Hundreds of lorry drivers have been left stranded and without adequate toilet and washing facilities as crisis talks with France continue in an effort to restore trade flows across the Channel.
As of 6am on Tuesday, nearly 900 trucks were parked in Kent at the government’s huge overspill park at Manston Airfield. By Tuesday evening this had increased to 2,200 with 632 held on the M20.
Some drivers have spent a second night sleeping in their cabs and while some have been able to obtain hotel rooms in the area, hundreds more cannot.
Ronald Schroeder, 52, from Hamburg, Germany, who was turned back from Dover on Sunday night, said the “social situation” for drivers is worsening due to a lack of toilet and washing facilities.
He told the PA news agency: “I am now staying in a hotel, but in front of the hotel there are thousands of people without any rooms waiting to come over the Channel crossing.
“I feel a little bit like Robinson Crusoe on an island.”
Ian Wright, chief executive of the Food and Drink Federation (FDF), has told MPs he believes at least 4,000 trucks could be impacted by the French travel ban and subsequent blockage at the port of Dover.
“I don’t think the number of trucks in the queue or other areas is the relevant number,” he told the business, energy and industrial strategy select committee.
“We reckon about 4,000 on their way to Dover at various points.”
A Kent County Council spokesperson said the M20 motorway remains closed coastbound from Junction 7 while “Operation Stack” continues to manage the thousands of lorries.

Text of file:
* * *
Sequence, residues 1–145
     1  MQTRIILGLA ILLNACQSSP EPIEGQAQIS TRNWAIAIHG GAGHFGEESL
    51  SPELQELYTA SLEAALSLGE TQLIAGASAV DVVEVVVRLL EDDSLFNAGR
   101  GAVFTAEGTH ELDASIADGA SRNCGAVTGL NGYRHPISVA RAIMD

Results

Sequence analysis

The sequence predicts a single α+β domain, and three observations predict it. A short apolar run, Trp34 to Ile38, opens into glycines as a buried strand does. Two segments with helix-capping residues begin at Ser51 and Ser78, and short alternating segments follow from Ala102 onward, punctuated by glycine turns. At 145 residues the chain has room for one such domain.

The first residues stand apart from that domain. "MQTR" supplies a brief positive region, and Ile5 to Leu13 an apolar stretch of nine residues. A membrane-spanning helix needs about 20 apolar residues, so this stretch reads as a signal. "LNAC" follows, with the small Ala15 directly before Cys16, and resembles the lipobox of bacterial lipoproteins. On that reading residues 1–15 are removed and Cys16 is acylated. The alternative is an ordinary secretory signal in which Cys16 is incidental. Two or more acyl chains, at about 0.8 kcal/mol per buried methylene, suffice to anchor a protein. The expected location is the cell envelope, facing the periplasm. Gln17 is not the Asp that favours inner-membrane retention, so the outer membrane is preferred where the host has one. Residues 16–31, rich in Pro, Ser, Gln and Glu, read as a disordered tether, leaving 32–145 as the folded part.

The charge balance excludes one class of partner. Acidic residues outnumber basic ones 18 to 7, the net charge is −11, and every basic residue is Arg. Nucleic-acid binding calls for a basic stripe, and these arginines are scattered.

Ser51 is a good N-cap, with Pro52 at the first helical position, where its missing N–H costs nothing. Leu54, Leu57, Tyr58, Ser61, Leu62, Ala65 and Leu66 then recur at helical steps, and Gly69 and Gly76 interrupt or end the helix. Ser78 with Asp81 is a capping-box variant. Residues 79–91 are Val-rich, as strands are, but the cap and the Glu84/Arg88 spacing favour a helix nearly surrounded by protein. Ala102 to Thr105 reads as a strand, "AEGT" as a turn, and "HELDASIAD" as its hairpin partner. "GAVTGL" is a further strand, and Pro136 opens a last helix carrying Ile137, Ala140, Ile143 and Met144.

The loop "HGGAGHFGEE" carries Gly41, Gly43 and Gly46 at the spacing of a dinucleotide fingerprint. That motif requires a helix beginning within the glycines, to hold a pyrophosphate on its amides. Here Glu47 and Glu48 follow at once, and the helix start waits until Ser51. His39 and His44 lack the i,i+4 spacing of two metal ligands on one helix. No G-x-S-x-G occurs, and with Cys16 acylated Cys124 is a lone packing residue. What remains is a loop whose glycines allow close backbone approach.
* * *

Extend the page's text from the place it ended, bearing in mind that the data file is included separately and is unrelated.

Schroeder added: “The problems of the drivers who are not already in hotels is huge – in my hotel three buses are renting just one room to have a toilet and a shower.
“The social situation becomes more and more worse every hour.
“The public toilets should be open here right now, there should be someone to hand tea or coffee to the drivers, there should be more help for all the people who have been stranded.”
On Tuesday morning, Andrew Opie, director of food and sustainability at the British Retail Consortium, said the “borders really need to be running pretty much freely from tomorrow” or supplies of fresh produce like “salad, vegetables, fresh fruit” won’t reach shelves in time.
“The problem actually is empty lorries, so the empty lorries which are now stuck in Kent, they need to get back to places like Spain to pick up the [next] consignment of raspberries and strawberries and they need to get back within the next day or so otherwise we will see disruption,” he told the BBC Radio 4’s Today programme.
“As long as it can be cleared today there’ll be minimal impact for consumers – remember the shops are shut on Christmas Day which takes one day of buying out of the equation, but those lorries that are stuck in Kent, they do need to get back within the next day.”
Supermarket giant Sainsbury’s warned that disruption in Kent could hit supplies of lettuce, some salad leaves, cauliflowers, broccoli and citrus fruit, all of which are imported from mainland Europe in the winter.
A spokesperson for the Port of Dover said: “Nothing has changed, the port is still closed, we are waiting to hear any updates.”